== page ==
The Pocketalk S is the portable, AI-powered instant voice translation device manufactured by Sourcenext. The product promises to break down language barriers and bridge the gap between different spoken languages. But does it work? We sat down with Managing Director, Tom Kojima, to find out.
Sourcenext the largest distributor and creator of software, hardware, and IoT products in Japan, and the Pocketalk S is the second generation of its mobile, personal translator. It's undoubtedly a cute device. When I opened the package at our editorial office my colleagues thought I was walking around with an old HTC smartphone from 10 years ago.
Tom tells me that 700,000 Pocketalks have been sold already, although he admits most of these are in Japan where companies such as Japan Railways (JR) and the cosmetics giant Shiseido have been snapping them up to help staff communicate with customers from around the world. And I really do mean around the world. Pocketalk supports 74 languages in total. It can translate 55 languages into speech and text, while an additional 19 languages can be translated into text only. More are coming, too. There's also an 8-megapixel camera on the back so you can take pictures of menus or information boards to translate them.
Powering all of this is ARM Cortex 53 Quad-Core processor clocked at 1.3 GHz. The Pocketalk S uses a custom OS, but it is based on Android 8.1. The translation is all done in the cloud, so the device needs to be connected at all times. For this reason, it supports Wi-Fi and 4G/LTE. You get a two-year 4G/LTE data plan included when you buy the device. Sourcenext uses lots of different engines to do the actual translating, including Google Translate, Baidu, and several regional specific engines. Your Pocketalk will choose a combination of engines to use based on which two languages you are translating between. This multi-engine gives you more accurate translations than using a single service such as Google Translate or DeepL.
In terms of battery life, you get 2.5 days of standby time and up to 4.5 hours of continuous translation. Charging is done via USB-C. It takes 105 minutes to completely refill the battery.
We tested it out using several of the native languages spoken in our office including English, German, French, Spanish, Croatian and Japanese with the help of Tom Kojima from Sourcenext. Considering this is beaming to servers and engines in the cloud, it's really fast. You can watch a short demo of how it works in the video below.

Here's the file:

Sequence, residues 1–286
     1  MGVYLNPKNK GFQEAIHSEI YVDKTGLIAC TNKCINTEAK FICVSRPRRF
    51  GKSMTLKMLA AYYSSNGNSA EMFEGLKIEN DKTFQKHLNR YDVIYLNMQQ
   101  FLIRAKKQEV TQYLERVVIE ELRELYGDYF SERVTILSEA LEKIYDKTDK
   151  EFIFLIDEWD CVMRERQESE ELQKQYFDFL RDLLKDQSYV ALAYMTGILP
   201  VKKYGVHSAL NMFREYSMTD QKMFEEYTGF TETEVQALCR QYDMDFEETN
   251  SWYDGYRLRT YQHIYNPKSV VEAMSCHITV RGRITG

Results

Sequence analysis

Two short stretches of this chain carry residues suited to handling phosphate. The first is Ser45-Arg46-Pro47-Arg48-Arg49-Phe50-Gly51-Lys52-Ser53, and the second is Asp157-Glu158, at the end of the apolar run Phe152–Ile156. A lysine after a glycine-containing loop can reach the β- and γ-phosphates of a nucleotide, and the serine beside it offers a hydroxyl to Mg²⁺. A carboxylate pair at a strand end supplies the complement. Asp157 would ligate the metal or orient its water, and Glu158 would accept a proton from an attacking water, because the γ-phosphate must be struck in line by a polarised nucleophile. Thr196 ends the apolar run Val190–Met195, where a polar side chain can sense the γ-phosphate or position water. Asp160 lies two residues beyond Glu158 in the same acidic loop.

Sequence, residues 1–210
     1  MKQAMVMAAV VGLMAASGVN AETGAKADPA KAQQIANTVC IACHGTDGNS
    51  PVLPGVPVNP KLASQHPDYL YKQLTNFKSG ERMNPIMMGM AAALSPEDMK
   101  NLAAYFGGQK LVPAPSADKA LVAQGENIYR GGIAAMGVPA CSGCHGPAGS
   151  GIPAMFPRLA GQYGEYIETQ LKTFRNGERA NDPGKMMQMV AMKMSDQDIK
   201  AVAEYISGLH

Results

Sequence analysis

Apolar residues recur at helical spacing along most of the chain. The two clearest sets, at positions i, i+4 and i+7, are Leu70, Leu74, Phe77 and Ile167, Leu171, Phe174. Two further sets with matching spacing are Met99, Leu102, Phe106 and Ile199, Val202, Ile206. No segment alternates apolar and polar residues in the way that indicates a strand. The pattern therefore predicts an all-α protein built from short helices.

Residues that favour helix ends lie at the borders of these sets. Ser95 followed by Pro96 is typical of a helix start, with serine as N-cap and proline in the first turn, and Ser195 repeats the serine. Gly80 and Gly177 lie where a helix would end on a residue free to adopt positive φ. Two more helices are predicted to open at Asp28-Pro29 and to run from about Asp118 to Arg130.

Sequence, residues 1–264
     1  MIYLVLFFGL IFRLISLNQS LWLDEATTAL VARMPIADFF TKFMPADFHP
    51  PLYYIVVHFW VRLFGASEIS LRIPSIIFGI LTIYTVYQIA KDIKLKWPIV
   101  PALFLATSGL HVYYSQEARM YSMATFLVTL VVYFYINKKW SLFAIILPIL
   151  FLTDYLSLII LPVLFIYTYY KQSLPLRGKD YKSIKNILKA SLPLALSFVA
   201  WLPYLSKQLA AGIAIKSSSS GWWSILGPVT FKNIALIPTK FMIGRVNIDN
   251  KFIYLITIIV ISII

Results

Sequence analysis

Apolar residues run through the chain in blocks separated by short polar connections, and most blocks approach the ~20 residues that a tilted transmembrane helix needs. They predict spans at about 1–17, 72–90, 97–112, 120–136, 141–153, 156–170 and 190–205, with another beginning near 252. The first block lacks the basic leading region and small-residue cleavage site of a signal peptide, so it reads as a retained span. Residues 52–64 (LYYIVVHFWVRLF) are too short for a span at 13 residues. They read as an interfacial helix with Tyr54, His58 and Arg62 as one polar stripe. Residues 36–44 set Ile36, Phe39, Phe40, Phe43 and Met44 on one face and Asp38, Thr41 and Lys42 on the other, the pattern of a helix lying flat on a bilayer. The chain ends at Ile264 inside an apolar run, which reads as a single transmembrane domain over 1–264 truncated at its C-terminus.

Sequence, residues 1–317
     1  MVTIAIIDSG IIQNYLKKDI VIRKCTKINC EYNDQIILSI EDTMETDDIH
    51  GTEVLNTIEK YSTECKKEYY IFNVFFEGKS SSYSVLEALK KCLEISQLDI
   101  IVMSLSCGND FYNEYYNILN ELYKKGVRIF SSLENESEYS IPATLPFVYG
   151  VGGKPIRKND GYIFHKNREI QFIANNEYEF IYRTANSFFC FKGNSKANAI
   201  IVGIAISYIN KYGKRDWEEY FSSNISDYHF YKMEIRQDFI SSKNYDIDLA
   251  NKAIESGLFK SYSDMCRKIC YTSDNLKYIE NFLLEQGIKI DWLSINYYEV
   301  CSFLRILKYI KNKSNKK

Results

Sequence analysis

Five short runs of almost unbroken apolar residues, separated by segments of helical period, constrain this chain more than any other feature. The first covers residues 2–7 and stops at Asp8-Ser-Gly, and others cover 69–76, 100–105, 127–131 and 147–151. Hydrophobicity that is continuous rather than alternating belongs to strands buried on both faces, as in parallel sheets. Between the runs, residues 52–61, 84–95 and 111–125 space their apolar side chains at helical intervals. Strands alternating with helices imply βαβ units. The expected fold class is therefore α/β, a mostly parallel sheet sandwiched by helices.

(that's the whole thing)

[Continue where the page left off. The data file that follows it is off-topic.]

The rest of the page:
Why not just use Google Translate on your smartphone?
This is, ultimately, the first question anyone is going to ask when you pitch them a dedicated, portable translating device. It is true that all of the features that Pocketalk offers come pre-installed on almost everyone smartphone sold today.
Tom has four answers to this question because he believes that Pocketalk has four advantages over using what is already in your pocket. The first is accuracy, because several engines are used in combination to provide a better translation. The second is better connectivity, as the data plan is worldwide, so you don't need to find Wi-Fi or use data roaming ever. The third is speed and ease of use, and the fourth is security and privacy, and there is no personal data connected to your Pocketalk S.
For me personally, the fourth argument is the strongest. You don't have an account with the Pocketalk S, and there is no sign up whatsoever. You pull it out of the box and it is ready to go. Sure, the translation is done in the cloud but there is no way to connect to the words to the person using it. It's completely anonymous. So I can see a use for the Pocketalk S for the kind of consumer who is privacy-conscious and doesn't want Google listening in on what they say and linking it to their account, location, and the rest of it. However, the Pocketalk S has a problem, and it's a big one.
It's far too expensive
The Pocketalk S costs $299 in the United States and €299 in Europe. In the UK, the price is £259. As I mentioned earlier, you get a two-year data plan included for that, but once it runs out you have to pay another €50 to renew it.
Three-hundred bucks is a lot of money for a device that performs one function. When you consider how much smartphone you can buy today for that kind of money, I'm not surprised that Sourcenext has achieved success in the commercial market first and foremost, where companies with deep pockets can purchase something that performs the single function they need very well.
Don't get me wrong, it's a cool piece of tech and I would totally use this if I was traveling to a country where I could not speak a word of the local language or where English was not as universally understood as it is in Europe, but you'd have to be a bit of a five-star tourist to purchase one.
You can buy the Pocketalk S in select European markets now, including the UK. In the US, pre-orders are now being accepted with the first shipments scheduled to go out on March 16, 2020.